What he did with minors was, aside from ethically reprehensible, flat out against the law. If you were a minor in contact with “Caitlin” or “Alexa” and want to pursue this, please contact a local ACLU affiliate. The choice is entirely up to you; just know that there are organizations that will help you take action should you decide to do so. For more information on reporting internet crimes check out this link, supplied by the indomitable Heather Corinna of Scarleteen.

ETA: Bohannan sent an email posted a response refuting claims that he is behind the Alexa identity. I find it very odd he spoke to Alexa if he was just registering a domain. Especially when he is the only person who has claimed to have heard her voice.

6 thoughts on “Why the Alexa Di Carlo Thing Matters”

  1. Wow… That is some creepy stuff to the tenth level.
    Freaky!

    So should people not be aloud to be anonomous to protect people from this sort of thing?
    Being anonomous is what allows many people to be able to blog about sex in a society that is very hateful towards those who speak their minds.

    It’s a mess either way you look at it.

  2. I don’t think the solution is that people can’t be anonymous. But he was staying anonymous so that he could deceive people in ways that had real-world consequences (ie: tricking escorts into seeing him without a proper reference and getting nude photos mailed to him).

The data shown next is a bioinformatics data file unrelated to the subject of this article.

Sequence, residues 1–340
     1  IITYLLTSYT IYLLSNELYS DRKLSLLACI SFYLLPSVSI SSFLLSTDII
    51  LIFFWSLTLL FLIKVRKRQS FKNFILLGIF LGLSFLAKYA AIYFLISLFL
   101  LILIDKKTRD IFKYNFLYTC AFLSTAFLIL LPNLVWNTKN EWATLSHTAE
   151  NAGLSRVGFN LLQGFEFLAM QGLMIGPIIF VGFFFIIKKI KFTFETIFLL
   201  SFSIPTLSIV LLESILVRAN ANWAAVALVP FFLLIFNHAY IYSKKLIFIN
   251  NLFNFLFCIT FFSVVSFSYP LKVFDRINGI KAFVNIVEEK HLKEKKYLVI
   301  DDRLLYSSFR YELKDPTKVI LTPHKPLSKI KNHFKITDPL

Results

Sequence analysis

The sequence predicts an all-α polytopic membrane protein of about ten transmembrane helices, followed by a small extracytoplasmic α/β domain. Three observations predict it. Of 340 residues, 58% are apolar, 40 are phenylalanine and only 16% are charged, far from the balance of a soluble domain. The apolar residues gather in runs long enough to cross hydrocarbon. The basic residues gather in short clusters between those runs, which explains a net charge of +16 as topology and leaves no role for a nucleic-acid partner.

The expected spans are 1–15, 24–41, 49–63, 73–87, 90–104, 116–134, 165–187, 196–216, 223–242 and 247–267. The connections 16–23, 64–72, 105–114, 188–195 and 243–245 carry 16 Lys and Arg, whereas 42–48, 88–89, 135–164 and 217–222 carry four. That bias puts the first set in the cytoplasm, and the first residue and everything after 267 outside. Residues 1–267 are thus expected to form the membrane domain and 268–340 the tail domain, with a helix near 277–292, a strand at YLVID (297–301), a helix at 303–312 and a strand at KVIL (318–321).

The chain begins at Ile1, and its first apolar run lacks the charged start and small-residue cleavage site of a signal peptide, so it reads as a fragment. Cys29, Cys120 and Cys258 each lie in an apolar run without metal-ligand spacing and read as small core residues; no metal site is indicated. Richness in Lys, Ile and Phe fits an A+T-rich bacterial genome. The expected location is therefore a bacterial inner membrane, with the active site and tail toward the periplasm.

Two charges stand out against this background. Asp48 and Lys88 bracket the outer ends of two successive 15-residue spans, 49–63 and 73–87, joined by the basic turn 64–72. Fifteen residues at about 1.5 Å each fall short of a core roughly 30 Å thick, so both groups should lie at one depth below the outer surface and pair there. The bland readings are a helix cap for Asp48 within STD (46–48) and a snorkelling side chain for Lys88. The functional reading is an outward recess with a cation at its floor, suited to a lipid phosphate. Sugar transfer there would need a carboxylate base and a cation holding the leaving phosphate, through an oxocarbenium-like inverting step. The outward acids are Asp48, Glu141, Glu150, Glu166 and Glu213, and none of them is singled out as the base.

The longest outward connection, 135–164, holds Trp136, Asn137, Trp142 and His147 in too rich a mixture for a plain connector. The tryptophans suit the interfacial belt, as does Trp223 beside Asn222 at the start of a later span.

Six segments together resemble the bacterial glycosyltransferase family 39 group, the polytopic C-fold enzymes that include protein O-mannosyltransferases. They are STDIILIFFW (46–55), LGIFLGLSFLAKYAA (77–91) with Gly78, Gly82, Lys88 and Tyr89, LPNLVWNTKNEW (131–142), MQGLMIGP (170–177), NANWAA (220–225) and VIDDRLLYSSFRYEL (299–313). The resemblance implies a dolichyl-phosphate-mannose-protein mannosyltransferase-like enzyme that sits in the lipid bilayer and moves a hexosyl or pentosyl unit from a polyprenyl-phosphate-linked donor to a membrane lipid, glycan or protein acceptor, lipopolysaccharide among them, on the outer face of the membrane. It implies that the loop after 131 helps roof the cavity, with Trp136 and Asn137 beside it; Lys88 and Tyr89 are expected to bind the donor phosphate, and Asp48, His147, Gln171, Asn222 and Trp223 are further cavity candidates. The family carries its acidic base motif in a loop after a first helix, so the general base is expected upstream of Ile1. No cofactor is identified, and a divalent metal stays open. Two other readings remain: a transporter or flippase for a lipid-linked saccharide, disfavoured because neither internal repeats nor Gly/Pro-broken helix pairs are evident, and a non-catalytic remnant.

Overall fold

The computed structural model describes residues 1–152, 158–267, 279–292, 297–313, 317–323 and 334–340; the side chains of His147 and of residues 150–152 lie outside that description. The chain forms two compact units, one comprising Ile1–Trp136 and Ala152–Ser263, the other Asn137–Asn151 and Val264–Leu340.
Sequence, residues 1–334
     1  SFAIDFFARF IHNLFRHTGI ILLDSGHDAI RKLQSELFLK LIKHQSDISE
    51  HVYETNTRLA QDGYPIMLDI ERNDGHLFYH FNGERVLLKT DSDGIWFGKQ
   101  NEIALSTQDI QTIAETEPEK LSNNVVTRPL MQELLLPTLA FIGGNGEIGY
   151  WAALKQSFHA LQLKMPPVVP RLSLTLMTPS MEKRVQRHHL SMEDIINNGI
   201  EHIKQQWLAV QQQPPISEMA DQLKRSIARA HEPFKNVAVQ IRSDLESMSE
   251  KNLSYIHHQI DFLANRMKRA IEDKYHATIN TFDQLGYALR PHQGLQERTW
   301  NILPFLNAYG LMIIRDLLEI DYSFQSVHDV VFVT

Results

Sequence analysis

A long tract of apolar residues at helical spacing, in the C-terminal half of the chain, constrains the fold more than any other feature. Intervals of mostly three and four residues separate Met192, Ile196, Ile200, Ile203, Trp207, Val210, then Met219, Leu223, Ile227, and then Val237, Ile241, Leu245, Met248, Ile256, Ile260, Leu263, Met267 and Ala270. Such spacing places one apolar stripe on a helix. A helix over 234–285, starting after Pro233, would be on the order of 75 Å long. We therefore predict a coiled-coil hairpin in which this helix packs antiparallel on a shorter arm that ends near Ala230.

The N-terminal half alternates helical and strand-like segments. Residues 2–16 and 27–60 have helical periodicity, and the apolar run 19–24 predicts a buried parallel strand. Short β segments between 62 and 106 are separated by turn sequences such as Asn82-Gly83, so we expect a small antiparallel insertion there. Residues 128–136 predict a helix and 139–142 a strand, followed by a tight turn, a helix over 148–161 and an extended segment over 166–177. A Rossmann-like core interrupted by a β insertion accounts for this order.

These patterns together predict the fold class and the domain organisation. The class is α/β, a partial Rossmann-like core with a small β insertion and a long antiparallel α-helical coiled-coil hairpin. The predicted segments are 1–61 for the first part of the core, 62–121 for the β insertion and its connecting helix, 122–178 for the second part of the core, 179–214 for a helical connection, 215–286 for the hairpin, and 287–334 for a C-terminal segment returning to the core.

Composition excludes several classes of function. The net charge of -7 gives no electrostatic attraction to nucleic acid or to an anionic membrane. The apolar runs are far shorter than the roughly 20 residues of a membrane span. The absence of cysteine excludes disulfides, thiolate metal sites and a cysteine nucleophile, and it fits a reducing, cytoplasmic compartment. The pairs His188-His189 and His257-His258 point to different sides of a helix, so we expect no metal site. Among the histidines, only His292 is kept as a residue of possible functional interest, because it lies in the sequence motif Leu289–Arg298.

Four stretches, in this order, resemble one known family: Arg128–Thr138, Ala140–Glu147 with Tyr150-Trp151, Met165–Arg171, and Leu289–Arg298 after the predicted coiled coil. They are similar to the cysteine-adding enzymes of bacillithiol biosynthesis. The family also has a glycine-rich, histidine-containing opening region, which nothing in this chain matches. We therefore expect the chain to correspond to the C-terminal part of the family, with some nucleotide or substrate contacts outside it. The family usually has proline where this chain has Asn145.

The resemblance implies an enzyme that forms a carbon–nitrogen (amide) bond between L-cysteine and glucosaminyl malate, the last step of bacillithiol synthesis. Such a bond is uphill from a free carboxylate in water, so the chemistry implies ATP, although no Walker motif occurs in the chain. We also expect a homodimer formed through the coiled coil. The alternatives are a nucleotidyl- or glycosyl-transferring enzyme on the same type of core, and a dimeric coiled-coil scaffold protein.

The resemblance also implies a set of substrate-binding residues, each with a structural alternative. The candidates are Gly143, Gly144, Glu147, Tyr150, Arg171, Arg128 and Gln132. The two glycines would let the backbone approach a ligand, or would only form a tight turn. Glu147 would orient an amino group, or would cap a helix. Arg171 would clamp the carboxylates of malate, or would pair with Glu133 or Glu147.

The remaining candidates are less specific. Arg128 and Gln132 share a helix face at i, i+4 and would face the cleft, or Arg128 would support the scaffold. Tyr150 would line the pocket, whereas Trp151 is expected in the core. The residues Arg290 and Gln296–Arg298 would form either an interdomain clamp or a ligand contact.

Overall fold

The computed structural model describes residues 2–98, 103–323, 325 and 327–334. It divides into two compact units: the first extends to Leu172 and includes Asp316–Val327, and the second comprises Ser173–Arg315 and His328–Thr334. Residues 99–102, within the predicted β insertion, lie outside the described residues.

I initially didn’t understand the big deal about writing a fantasy blog—it annoyed me that people thought she could be a real escort, but I didn’t see it as especially harmful. The more I learn about this man though, the more upsetting and scary it is. Another reminder to be super careful on the internet. I am glad he is being outed so publicly because hopefully this will serve as an example for other predators.

  3. You know what’s also odd about his rebuttal? If he just lost his job, why would he shut down the websites she ran, which would now be his only source of income (as he managed them for her)?

  4. A little while ago I had an argument with “Alexa” about some terminology. At that point I decided that she was a bit of a bitch and I didn’t want to have anything to do with her anymore.

    It’s sickening. Before that “she” had been a follower of my twitter account and had gotten underneath the privacy controls I set because I thought she was trustworthy enough to be allowed to do so.

    In fact, “she” was the first person to congratulate me on getting my job.

    Sickening. Where do I make a report ??

  5. It’s not the anonymity that’s an issue. It’s the deceit, and fake credentials, lending this person some sort of authority to which he had absolutely no right, and furthermore, using said fake credentials to mislead and misrepresent.

  6. Right, anonymity isn’t the problem. Instead, the problem is that fake-Alexa posed as something he was not in order to gain people’s trust/respect, so that he could have sex or get sexual photos. In some places, using deception to get someone to consent to sex is classified as rape. For example, here’s one such case in Israel: http://www.bbc.co.uk/blogs/worldhaveyoursay/2010/07/what_are_the_limits_of_rape_by.html#235889

    And Massachusetts recently considered passing a law that would count these actions as rape: http://www.cbsnews.com/stories/2008/02/29/politics/uwire/main3894875.shtml

    Perhaps not all deceptions-to-get-sex are bad enough to rise to the level of rape (as many have argued about the above Israeli case), but deceiving someone about, for instance, one’s HIV status in order to have unprotected sex is serious enough to make the action count as rape (as is the case in Canada).

    This fake-Alexa’s deception isn’t as serious as lying about HIV, but it is serious enough, I think, to make fake-Alexa effectively as rapist.